New Jersey’s $50 million funding ‘not focusing a lot on helping small businesses’May 19, 2022
A statewide employer association and an organization advocating for small businesses agree that adding $50 million to New Jersey’s Main Street Recovery Fund is a good thing, but it’s not enough for businesses still recovering from the pandemic.
Democratic Gov. Phil Murphy’s budget proposal includes $50 million for the Main Street Recovery Fund, which his budget brief called the state’s primary new tool for providing flexible funding to small and micro-businesses.
That funding amount was the same as what was put in the previous year’s budget, Christopher Emigholz told The Center Square. He’s vice president of Government Affairs for the New Jersey Business & Industry Association. It’s only 0.1% of the state budget.
“So you’re not focusing a lot on helping small businesses,” he said. “Small businesses, especially in the hospitality service sectors, took the brunt of the pandemic.”
Some of the small business money has been specifically designated for economically impacted, deprived areas, Eileen Kean told The Center Square. She’s state director for New Jersey of the National Federation of Independent Business.
“Another way of saying that is a lot of it’s gone to urban areas,” she said. “It hasn’t necessarily been available to all small businesses throughout the state. And businesses have suffered in urban areas, rural areas, and suburbs.”
Kean said the NFIB doesn’t want to complain, but it’s impossible to think $50 million will reach all the businesses in New Jersey.
If the governor and legislature want to help all New Jersey businesses, what they can still do is dedicate funding to replenish the Unemployment Trust Fund, she said. At least 32 other states have taken federal relief funds and done this.
Even employers who never laid off their employees have to shoulder the burden of the increase, Kean said.
“Businesses are supposed to see almost a billion-dollar tax increase over the next three years. We’re asking for the state to do something to soften the UI tax going up,” Emigholz said.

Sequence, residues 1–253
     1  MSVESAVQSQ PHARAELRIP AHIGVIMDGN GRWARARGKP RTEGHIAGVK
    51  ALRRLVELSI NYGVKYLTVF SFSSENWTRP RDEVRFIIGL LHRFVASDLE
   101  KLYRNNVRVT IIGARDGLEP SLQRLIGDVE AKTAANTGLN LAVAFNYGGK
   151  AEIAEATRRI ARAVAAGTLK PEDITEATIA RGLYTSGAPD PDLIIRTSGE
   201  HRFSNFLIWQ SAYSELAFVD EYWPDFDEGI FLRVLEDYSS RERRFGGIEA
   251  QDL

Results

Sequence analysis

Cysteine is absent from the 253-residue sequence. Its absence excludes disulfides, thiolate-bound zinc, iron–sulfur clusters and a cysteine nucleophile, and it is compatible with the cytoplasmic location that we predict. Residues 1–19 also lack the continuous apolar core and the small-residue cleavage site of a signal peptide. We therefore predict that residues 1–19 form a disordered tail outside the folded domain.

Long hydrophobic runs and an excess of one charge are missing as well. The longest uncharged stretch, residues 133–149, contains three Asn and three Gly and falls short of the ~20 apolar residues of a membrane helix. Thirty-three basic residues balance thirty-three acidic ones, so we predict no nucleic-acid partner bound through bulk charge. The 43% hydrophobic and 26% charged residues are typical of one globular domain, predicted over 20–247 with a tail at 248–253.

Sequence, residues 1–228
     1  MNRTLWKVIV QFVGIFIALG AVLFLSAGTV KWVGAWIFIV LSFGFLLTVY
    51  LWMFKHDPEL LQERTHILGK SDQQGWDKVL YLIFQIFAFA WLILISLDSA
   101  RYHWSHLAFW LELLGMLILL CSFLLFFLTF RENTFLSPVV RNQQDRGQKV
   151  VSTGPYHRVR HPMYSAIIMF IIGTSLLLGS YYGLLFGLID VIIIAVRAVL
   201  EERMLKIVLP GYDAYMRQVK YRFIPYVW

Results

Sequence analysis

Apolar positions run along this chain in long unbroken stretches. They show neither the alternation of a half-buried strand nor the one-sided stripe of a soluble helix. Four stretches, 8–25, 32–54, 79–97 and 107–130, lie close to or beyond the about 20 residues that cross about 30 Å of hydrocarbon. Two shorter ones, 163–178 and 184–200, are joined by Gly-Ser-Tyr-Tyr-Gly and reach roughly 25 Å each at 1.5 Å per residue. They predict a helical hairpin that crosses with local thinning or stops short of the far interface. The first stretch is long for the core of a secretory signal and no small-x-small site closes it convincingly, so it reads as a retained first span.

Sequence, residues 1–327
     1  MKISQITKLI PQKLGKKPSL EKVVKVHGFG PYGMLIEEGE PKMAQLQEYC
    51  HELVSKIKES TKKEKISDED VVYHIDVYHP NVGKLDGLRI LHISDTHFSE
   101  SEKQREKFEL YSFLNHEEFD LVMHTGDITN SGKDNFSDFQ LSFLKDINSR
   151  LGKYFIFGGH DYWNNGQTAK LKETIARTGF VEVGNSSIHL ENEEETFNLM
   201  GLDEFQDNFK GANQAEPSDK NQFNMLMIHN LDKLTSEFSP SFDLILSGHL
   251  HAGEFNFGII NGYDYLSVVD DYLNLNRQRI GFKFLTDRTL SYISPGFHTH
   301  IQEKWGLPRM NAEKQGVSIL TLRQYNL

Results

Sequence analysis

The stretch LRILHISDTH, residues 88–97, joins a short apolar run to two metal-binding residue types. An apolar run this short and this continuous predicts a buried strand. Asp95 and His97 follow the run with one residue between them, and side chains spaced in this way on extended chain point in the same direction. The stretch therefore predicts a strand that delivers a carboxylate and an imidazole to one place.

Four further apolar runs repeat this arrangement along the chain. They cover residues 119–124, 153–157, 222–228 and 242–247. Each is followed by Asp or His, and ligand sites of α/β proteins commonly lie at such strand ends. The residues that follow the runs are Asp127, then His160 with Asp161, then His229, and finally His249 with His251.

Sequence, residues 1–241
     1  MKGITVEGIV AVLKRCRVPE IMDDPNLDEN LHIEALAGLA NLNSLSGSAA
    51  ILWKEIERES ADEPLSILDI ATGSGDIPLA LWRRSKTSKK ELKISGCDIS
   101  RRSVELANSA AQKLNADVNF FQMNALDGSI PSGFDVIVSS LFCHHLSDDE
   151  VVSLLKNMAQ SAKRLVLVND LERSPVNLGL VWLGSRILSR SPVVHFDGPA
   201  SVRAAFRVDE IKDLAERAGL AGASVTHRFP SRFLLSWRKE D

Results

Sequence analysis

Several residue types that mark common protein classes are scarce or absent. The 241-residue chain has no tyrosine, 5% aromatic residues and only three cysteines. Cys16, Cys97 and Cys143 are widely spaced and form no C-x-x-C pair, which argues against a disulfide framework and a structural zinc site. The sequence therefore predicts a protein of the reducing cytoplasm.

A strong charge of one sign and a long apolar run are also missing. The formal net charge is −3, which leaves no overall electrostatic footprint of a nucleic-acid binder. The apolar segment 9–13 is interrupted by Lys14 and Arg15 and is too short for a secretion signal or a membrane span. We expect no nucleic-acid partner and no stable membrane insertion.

Labor shortages and supply chain problems still exist, Kean said.
“Inflation is real. Small businesses are having to increase prices on goods and services simply to cover their costs,” Kean said.
Refunding the unemployment trust fund would be a great olive branch right now, she said.
Emigholz, of the NJBIA, doesn’t think there’s been enough acknowledgment that affordability is an issue for businesses.
“I think everybody will agree that New Jersey is probably a little less affordable to run a business than other states are,” he said.
It’s not just businesses that are failing that this affects, he said. A New Jersey business looking to expand may be constrained by costs in the state.
“They might look just across the river to start their business or to expand the second side of their business,” Emigholz said.
Tax relief for municipalities could help, he said. The state has been taking energy tax receipts dollars that are meant to go back to municipalities and using them to balance the state budget. The Singleton/Scutari bill in the Senate proposes sending $330 million of these funds back to the municipalities, requiring the funds to be used for property tax relief.
More relief could come through the passage of legislation that would index the cost of inflation against a business’ tax rate, Kean said.
“Even though we have the highest corporate tax in the state in the nation, there’s nothing acknowledging that and addressing softening that corporate tax, even though our income taxes and even our UI taxes are going up,” Emigholz said.
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